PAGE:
As Emmanuel Macron enjoys a state visit in the US – the first state visit of the Biden presidency – here’s a look at the best of times and the worst of times. 

Best moments

The Revolutionary War – Without the help of the French, the Americans would have struggled to win their War of Independence. In February 1778, General Washington made an unusually optimistic announcement, saying that France’s decision to join the war effort had introduced “a most happy tone to all our affairs”.

In 1781, the French fleet played a significant role in the American victory in Yorktown, Virginia, which put an end to the Revolutionary War. 

When the time came for Great Britain to recognise the sovereignty of its former colonies and sign a peace treaty with them, the signing took place in Paris, on September 3rd, 1783.

France’s military assistance for the United States during the war did come at a significant economic cost – the country found itself over a billion livres (the French currency at the time) in debt. Not long after, France embarked upon its own revolution.

During and after the Revolutionary War, the US was home to several francophiles, such as Thomas Paine, Thomas Jefferson, and Benjamin Franklin. As for France, French architect and urban designer, Pierre Charles L’Enfant, who left his home country in 1776, went on to design the new capital of Washington D.C. There was also Marquis de Lafayette who went on the be a national hero in both countries, having served as a General in the American Revolution and helping to draft the Declaration of the Rights of Man during the French one.

The Statue of Liberty – Otherwise known as La Liberté éclairant le monde (Liberty lighting up the world) the statue is a monument to Franco-American friendship.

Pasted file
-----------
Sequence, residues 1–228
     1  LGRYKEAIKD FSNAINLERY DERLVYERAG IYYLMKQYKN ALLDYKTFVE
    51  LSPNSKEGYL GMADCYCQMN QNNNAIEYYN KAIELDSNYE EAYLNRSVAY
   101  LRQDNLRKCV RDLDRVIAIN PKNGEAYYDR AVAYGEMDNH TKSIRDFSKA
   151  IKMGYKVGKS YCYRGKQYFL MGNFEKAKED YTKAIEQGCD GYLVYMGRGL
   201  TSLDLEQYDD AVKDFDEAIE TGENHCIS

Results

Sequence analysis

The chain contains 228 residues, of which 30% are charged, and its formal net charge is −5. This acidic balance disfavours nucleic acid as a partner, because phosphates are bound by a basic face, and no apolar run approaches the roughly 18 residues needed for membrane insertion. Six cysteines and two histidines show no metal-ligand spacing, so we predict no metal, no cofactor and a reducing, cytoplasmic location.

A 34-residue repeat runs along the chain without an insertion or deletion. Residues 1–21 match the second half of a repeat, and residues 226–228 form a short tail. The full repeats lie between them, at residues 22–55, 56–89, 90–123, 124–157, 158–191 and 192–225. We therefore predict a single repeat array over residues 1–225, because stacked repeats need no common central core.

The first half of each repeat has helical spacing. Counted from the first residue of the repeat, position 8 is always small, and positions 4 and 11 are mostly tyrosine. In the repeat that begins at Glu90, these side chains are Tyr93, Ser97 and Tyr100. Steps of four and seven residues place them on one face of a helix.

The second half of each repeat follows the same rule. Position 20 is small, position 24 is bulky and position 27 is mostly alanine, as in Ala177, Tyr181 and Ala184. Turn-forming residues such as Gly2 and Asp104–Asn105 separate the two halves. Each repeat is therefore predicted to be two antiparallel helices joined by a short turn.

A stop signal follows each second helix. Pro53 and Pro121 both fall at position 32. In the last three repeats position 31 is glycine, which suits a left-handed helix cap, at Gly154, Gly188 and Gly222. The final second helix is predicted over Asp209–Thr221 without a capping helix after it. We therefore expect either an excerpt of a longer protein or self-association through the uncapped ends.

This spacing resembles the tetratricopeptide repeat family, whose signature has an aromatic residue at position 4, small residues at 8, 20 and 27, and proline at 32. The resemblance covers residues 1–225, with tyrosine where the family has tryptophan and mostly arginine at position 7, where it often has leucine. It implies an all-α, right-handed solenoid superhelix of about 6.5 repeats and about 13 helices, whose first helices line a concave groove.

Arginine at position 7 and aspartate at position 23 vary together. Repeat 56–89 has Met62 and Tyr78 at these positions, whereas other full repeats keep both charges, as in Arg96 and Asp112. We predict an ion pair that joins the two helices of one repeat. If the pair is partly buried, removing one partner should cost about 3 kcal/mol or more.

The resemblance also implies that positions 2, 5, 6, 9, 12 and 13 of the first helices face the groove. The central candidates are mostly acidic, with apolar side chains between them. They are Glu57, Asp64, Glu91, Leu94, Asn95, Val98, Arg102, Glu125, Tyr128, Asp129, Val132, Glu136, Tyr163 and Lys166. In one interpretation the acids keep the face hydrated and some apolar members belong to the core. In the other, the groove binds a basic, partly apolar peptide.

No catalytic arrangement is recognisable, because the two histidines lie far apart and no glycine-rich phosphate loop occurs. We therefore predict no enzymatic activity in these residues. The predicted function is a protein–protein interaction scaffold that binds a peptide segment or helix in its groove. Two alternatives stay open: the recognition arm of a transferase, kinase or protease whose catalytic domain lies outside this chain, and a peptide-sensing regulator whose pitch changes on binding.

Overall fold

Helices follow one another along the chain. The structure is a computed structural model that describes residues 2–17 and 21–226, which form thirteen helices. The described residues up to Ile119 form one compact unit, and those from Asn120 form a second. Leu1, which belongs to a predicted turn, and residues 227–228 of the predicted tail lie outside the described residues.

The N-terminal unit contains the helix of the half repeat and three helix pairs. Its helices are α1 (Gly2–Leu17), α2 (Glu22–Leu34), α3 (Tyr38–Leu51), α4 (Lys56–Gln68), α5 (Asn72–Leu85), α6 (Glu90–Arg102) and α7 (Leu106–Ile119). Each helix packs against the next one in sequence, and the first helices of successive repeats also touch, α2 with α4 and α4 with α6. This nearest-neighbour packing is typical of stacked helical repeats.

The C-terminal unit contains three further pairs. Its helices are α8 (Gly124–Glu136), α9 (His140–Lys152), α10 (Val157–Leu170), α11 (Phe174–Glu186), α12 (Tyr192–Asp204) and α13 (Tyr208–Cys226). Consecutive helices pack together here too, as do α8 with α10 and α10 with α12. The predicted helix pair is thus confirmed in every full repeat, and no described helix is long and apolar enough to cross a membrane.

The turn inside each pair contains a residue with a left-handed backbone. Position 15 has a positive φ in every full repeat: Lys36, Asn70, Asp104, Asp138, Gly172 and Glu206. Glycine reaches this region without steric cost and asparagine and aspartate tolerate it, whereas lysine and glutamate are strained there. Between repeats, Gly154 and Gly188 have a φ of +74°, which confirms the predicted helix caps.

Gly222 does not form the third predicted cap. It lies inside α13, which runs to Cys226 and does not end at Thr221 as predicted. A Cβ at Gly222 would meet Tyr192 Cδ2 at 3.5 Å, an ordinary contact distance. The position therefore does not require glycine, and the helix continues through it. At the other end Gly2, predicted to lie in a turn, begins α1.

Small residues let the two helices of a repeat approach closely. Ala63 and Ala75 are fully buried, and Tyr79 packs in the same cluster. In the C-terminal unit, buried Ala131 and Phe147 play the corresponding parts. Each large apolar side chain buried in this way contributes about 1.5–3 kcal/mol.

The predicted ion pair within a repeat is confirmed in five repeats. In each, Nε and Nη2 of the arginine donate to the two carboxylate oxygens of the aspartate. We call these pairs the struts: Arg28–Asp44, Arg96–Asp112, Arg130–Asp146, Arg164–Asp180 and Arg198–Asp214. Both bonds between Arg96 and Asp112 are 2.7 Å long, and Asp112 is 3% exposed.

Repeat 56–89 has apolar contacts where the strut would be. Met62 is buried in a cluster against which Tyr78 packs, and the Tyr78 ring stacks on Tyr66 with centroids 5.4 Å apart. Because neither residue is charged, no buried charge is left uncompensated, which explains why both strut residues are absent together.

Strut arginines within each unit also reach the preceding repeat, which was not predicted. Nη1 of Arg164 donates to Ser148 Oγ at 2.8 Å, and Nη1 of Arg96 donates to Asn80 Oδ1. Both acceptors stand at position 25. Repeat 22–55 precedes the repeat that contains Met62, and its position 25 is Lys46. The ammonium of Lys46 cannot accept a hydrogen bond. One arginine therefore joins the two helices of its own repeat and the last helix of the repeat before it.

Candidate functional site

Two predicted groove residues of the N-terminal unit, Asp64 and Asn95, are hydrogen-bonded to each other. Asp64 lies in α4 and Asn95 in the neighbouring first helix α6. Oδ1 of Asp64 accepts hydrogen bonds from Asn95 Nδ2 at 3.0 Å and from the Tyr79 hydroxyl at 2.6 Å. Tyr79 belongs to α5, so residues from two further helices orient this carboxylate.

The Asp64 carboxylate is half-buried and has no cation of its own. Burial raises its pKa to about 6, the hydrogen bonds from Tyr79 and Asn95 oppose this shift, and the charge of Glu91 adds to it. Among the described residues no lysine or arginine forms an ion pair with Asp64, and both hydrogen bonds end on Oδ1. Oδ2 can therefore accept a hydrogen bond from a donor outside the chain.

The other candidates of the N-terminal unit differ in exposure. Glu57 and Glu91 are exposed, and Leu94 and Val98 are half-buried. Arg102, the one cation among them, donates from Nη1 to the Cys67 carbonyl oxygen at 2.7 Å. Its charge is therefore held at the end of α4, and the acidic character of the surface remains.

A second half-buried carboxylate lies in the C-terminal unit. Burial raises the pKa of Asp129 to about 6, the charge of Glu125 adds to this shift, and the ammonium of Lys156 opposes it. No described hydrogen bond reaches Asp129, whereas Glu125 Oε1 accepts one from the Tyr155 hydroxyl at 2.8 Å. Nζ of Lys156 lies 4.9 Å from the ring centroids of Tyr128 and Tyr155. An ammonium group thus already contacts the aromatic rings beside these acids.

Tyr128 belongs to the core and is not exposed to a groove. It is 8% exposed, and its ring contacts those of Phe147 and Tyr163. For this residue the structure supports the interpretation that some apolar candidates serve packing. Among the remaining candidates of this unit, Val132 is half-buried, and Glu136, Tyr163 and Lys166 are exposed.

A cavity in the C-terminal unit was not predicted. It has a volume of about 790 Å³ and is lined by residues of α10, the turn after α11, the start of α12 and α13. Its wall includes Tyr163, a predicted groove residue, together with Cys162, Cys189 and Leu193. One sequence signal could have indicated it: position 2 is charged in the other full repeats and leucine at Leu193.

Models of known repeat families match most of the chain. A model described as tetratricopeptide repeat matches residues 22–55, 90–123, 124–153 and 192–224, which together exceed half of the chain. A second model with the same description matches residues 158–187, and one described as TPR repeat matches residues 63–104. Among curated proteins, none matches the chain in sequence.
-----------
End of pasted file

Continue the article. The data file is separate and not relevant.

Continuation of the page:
The 93-metre-tall Lady Liberty – who has welcomed scores of immigrants “yearning to breathe free” – is actually French. Dedicated in 1886, the statue was a gift from the French people, intended to strengthen the relationship between the two countries.

The idea originally came from French historian Édouard de Laboulaye, an anti-slavery activist and avid supporter of the Union during the Civil War. He hoped that the statue would represent liberty and symbolise the freedom of thought repressed under Napoleon III’s regime. 

Eventually, it was sculptor Frédéric-Auguste Bartholdi who brought the statue to life (and reputedly modelled her face on his mother) helped by a famous engineer known for another and tall structure – Gustave Eiffel.

READ MORE: French history myths: France only sent one Statue of Liberty to the US

First and Second World Wars – After almost three years of neutrality, the United States joined World War I, sending about 10,000 men a day during the summer of 1918 to the Western Front. The introduction of the American troops helped to strengthen the Allies and aided them in winning the war. In 1918, Woodrow Wilson sailed to France, becoming the first American President to visit a European country while in office. 

And about two decades later the US also joined the Allied side in World War II – thousands of American soldiers died on the beaches in Normandy during the D-Day landings of 1944 and are commemorated each year in June by French and American representatives.

However, in both cases, the post-war period proved more fractious.

After World War I, when President Wilson sought to negotiate his ‘Fourteen Point’ peace plan, French Prime Minister Georges Clemenceau is reported to have said: “Mr Wilson bores me with his Fourteen Points; why, God Almighty has only 10!” 

A home for America’s ‘Lost Generation’ – Many years after winning over the heart of Benjamin Franklin, other great American thinkers – artists and writers – found a home in Paris.

During the period following World War I, figures from Paul Bowles and Ernest Hemingway to Ezra Pound and Gertrude Stein, used their time in France to inform their art. Paris offered what many saw as a freer, more expressive and open environment (not to mention the fact that the exchange rate at the time meant that they could live well in Paris on just a few dollars a month). 

The worst moments